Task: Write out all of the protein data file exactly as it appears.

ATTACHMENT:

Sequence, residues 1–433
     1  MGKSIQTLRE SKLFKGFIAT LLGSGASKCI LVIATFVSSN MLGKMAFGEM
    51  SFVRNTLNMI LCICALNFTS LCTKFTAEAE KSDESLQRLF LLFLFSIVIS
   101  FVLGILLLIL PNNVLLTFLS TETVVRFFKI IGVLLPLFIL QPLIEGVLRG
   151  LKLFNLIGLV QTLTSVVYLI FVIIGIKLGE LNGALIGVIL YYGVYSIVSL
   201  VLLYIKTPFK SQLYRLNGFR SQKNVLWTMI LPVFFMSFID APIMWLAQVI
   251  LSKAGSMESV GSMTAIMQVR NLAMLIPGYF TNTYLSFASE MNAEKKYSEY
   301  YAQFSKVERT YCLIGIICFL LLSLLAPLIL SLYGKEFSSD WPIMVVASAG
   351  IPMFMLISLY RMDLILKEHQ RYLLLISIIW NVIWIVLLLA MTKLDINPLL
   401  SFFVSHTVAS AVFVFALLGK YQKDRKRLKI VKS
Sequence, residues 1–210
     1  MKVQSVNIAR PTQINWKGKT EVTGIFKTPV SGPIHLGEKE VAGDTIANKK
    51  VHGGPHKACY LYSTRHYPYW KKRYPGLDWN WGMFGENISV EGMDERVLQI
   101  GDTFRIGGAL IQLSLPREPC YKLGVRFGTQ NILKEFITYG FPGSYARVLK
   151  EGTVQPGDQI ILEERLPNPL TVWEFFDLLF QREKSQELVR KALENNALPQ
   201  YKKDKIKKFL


Sequence, residues 1–433
     1  MGKSIQTLRE SKLFKGFIAT LLGSGASKCI LVIATFVSSN MLGKMAFGEM
    51  SFVRNTLNMI LCICALNFTS LCTKFTAEAE KSDESLQRLF LLFLFSIVIS
   101  FVLGILLLIL PNNVLLTFLS TETVVRFFKI IGVLLPLFIL QPLIEGVLRG
   151  LKLFNLIGLV QTLTSVVYLI FVIIGIKLGE LNGALIGVIL YYGVYSIVSL
   201  VLLYIKTPFK SQLYRLNGFR SQKNVLWTMI LPVFFMSFID APIMWLAQVI
   251  LSKAGSMESV GSMTAIMQVR NLAMLIPGYF TNTYLSFASE MNAEKKYSEY
   301  YAQFSKVERT YCLIGIICFL LLSLLAPLIL SLYGKEFSSD WPIMVVASAG
   351  IPMFMLISLY RMDLILKEHQ RYLLLISIIW NVIWIVLLLA MTKLDINPLL
   401  SFFVSHTVAS AVFVFALLGK YQKDRKRLKI VKS
Sequence, residues 1–210
     1  MKVQSVNIAR PTQINWKGKT EVTGIFKTPV SGPIHLGEKE VAGDTIANKK
    51  VHGGPHKACY LYSTRHYPYW KKRYPGLDWN WGMFGENISV EGMDERVLQI
   101  GDTFRIGGAL IQLSLPREPC YKLGVRFGTQ NILKEFITYG FPGSYARVLK
   151  EGTVQPGDQI ILEERLPNPL TVWEFFDLLF QREKSQELVR KALENNALPQ
   201  YKKDKIKKFL